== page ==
An end to working mother’s guilt?

Working motherThis week my husband and I received a photo of our daughter receiving an award at her office in Cambridge. It was a proud reminder our own professional careers haven’t messed her up too much, which is why this research caught my eye.

Having a working mother benefits kids, and particularly daughters, in the long run, according to a new Harvard University study, lead by Professor Kathleen McGinn. A global study of 50,000 adults in 25 developed countries found daughters of working mothers tended to complete more years of education, to be more likely to find employment in senior roles and to earn higher incomes than those of stay-at-home mothers. In fact, as adults those daughters earned 23% more than the daughters of non-working mothers, equating to an average annual income of $35,474 compared to $28,894. They were also more likely to be in managerial roles (33% vs. 25%.) As McGinn explained: “There is no single policy or practice that can eliminate gender gaps at work and at home. But being raised by a working mother appears to come very close to that. Women raised by a working mother do better in the workplace, and men raised by a working mother contribute more at home.”

According to a New York Times article ’Mounting evidence of Advantages for Working Mothers’: ‘The effect was strongest in countries in which there was a bigger divide in opinions about the role of women, like the United States and Israel, and in countries where gender attitudes were more conservative, like Russia and Mexico. It was smallest in countries where there was widespread acceptance of working women, like the Nordic countries.’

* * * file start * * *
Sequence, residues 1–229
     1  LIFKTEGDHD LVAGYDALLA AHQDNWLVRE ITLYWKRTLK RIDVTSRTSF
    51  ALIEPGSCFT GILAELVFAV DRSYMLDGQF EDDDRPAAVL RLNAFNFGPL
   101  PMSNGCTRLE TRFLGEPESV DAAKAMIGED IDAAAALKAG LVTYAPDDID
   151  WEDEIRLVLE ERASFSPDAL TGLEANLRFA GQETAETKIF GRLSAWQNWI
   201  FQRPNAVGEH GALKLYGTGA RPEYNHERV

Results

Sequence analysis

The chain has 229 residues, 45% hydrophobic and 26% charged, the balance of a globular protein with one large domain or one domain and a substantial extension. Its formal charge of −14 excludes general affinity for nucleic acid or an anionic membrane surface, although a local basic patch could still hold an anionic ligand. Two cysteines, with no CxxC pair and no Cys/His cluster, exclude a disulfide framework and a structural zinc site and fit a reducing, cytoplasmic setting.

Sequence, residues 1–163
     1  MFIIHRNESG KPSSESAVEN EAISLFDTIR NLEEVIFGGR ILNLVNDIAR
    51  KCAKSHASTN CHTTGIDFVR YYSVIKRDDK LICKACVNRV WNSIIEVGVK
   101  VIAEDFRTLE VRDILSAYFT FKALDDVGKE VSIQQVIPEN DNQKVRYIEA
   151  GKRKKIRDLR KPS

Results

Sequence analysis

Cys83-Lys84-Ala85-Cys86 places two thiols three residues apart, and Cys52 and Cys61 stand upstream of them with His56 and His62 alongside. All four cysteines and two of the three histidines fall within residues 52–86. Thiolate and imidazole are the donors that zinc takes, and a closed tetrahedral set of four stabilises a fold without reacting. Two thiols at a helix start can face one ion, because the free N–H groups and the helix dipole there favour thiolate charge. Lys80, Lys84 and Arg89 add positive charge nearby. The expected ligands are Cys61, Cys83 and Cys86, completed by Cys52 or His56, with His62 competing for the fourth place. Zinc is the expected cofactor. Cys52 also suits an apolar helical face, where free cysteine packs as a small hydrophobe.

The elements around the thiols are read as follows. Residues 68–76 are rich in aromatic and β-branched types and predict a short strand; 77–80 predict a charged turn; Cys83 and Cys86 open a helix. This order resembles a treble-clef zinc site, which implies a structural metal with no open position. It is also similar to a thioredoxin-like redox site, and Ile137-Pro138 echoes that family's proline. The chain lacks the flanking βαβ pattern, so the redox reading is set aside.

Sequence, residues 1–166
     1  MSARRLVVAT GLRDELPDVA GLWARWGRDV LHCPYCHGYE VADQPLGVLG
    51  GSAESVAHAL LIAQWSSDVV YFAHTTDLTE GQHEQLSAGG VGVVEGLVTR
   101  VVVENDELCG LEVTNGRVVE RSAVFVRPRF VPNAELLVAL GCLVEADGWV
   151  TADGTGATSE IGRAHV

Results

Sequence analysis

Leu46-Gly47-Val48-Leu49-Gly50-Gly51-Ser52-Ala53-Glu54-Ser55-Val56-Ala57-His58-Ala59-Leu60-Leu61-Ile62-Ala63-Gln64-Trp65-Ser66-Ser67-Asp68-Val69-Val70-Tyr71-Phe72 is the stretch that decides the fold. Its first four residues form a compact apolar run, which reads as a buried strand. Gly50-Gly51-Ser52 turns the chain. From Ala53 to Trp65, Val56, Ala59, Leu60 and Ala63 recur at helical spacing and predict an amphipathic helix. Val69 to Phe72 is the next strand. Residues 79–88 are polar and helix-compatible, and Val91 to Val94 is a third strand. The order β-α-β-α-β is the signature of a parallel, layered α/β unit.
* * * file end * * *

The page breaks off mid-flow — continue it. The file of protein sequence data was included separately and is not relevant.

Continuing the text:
The Times explained: “Other researchers are less confident that the data has proved such a large effect, because it is difficult to know whether a mother who worked caused her daughter to work, or whether other factors were more influential. The problem is we don’t know how these mothers differed,” said Raquel Fernandez, an economics professor at New York University who was not involved with the Harvard study but who has also studied the topic. She explained “Was it really her mother working who did this, or was it her mother getting an education?”

Interestingly, the same trend didn’t apply for the sons of working mothers. However, having a working mother still had a lasting influence on sons, because they did more childcare and housework as adults. Indeed, the survey found sons of working mothers spent 7.5 more hours a week on childcare and 25 more minutes on housework than their male counterparts raised by stay at home mothers. If you’re single, we’d encourage you to partner up with the daughter or son of a working woman. The message is clear; being a working mother benefits your kids…and the people they will become.

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